While the US Surgeon General launched a series of enquiries into the health risks of leaded fuel, Midgley dealt with the press.
Midgley was not just a scientist and inventor, he also had a talent for public speaking and a flair for showmanship. Running TEL all over his hands and deeply inhaling the fumes, Midgley proclaimed: “I’m not taking any chance whatever – nor would I take any chance doing that every day.” The show was widely reported, allaying public fears about the health effect of TEL. Less widely reported were the prolonged breaks Midgley had to take to reconvalesce from the effects of the chemicals he had been working with.
The demonstration – coupled with an inconclusive report from the Surgeon General which found that, given the right conditions, it was possible to manufacture TEL safely – removed the questions about the safety of lead additives from the public agenda. By 1963, TEL was present in 98% of petrol sold in the US. A 1965 study found that levels of airborne lead had increased 1000-fold between 1923 and 1965. Even so, it was difficult to clearly demonstrate that the lead was causing actual harm. Lead remained a ubiquitous fuel additive throughout the world until the 1980s, when the introduction of automotive catalysts – which are poisoned by lead – forced their replacement in most countries.
Midgley’s next task was to solve a longstanding problem for the refrigeration industry, which was to find a better refrigerant for use in air conditioning units that, unlike the alternatives at the time (including propane, ammonia, sulphur dioxide and chloromethane), was neither flammable, toxic or explosive.
Midgley returned to his trusted Periodic Table, concluded that fluorinated compounds would hold the answer, and in record time developed dichlorodifluoromethane. Sold under the trade name Freon, it was the world’s first CFC. “It proved to have just the properties required,” remembers Kettering. “It is highly stable, non-inflammable, and altogether without harmful effects on man or animals.”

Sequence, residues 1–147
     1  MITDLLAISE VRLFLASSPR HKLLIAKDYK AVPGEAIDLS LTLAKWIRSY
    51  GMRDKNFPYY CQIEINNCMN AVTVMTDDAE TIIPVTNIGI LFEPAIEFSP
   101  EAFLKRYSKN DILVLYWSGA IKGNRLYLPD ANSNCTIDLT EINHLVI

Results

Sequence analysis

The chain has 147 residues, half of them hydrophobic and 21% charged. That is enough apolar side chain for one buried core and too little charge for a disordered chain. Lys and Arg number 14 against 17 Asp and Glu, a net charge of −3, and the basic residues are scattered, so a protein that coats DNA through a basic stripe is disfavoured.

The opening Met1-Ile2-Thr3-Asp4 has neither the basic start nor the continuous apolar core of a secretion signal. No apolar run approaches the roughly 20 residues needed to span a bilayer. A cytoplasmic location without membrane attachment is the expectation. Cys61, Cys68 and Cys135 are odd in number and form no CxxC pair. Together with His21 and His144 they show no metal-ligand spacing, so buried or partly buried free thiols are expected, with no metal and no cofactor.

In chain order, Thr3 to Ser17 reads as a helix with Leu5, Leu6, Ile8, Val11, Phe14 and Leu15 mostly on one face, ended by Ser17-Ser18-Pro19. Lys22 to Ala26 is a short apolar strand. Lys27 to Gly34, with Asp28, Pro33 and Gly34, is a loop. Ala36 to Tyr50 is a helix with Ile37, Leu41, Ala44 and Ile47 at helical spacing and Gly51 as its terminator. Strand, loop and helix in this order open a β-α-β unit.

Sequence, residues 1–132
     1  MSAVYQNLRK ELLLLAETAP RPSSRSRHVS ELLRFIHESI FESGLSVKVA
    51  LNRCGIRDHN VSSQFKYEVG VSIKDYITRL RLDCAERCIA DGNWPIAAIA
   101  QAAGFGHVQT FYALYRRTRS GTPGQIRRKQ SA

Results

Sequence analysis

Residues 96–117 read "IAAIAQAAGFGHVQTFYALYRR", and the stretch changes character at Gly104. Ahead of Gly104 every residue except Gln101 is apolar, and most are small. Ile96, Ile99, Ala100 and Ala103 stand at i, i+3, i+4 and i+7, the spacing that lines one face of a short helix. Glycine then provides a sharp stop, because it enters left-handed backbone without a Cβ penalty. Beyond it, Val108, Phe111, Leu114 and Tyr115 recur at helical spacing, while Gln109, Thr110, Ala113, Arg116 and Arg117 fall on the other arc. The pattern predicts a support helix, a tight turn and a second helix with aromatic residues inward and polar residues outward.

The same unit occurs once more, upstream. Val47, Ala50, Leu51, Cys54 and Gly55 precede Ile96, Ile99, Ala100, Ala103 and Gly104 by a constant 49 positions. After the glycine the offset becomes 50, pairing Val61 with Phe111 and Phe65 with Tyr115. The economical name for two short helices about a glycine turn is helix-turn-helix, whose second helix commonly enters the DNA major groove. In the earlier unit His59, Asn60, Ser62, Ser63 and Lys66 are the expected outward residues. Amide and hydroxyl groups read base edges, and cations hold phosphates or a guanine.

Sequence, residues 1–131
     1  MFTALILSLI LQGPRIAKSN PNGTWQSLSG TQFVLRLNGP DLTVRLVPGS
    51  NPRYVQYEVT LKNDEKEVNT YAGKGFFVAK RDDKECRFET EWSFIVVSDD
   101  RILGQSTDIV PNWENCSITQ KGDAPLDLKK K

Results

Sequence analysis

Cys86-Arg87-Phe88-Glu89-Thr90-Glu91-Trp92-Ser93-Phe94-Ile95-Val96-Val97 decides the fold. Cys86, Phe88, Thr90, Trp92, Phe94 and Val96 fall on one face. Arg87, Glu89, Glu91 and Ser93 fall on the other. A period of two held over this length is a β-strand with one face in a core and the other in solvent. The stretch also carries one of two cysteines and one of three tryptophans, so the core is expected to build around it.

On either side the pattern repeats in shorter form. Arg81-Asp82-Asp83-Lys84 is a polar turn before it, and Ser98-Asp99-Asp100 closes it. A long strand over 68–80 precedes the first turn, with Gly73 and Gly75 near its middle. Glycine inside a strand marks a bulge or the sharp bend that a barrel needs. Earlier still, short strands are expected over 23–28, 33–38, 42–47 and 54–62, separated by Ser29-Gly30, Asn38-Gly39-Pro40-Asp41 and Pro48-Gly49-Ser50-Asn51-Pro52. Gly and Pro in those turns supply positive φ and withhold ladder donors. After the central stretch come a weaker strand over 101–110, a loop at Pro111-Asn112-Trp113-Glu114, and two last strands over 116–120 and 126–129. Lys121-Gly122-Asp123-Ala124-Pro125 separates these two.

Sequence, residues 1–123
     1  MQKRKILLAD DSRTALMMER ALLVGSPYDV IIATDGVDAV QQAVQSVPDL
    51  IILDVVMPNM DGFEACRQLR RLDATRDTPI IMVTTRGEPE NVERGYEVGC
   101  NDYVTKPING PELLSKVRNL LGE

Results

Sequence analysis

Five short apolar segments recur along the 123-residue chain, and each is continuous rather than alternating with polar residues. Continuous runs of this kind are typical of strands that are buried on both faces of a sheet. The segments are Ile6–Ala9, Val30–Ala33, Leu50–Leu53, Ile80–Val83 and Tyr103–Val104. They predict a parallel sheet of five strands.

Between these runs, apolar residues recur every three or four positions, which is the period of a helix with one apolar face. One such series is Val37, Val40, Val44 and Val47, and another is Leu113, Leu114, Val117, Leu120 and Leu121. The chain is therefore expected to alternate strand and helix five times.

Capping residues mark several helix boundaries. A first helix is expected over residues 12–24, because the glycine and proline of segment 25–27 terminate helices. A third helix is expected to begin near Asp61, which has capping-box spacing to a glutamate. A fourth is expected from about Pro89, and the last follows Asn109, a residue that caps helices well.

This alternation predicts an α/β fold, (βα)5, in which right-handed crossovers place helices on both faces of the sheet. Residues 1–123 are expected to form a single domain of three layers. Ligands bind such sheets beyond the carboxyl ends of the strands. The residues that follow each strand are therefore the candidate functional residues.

Midgley’s flair for showmanship once again came into play when he demonstrated CFCs in a lecture to the American Chemical Society. Kettering recounts: “He demonstrated both their non-toxic and their non-inflammable properties in one breath, so to speak. This he did by taking his lungs full of the vapour of one of the compounds and then softly exhaling it to surround and extinguish a candle burning before him.”
Freon not only became the workhorse of the air conditioning and refrigeration industry, its extreme volatility made it an ideal propellant, and it was extensively used in all manner of sprays, starting with hand-held insecticides in WWII.
Like TEL, CFCs were a huge commercial success and used in vast quantities around the world. Their benefits were obvious, leading to their extensive use in everything ranging from fridges to air conditioning, asthma inhalers, deodorants and hairsprays, where they were used for over half a century. It was only in the 1980s that the extent of the damage CFCs had caused to the ozone layer became apparent, leading to their ban and phase-out under the Montreal Accord.
His untimely death at the age of 55 meant that he never knew about the environmental impact of either of his innovations
As for Midgley, his untimely death at the age of 55 meant that he never knew about the environmental impact of either of his innovations. During his lifetime, the American Chemical Society named Midgley its president and awarded him some of its highest honours: the Perkin Medal, the Priestley Medal and the William Gibbs Award.
Ultimately, it was another of his inventions that would claim his life. At the age of 51, Midgley contracted polio, and the disease cost him the use of his legs. Rather than bemoan his ill-fortune, Midgley devised an elaborate system of motorised pulleys to allow him to turn and get out of bed. Unfortunately, one night Midgley became tangled in the ropes, and his own invention proceeded to strangle him.
From today’s point of view, it is easy to take a critical view of Midgley and his innovations, especially given what we know of the long-term effects his innovations have had on health and the environment. Nevertheless, he was a true innovator, gifted with a rare combination of engineering practicality, scientific reasoning and showmanship that allowed him to turn his innovations into important commercial success stories.
Because of this, he already knew in his lifetime that he had changed the world, though it takes the benefit of hindsight to know how.
Originally published in July 2010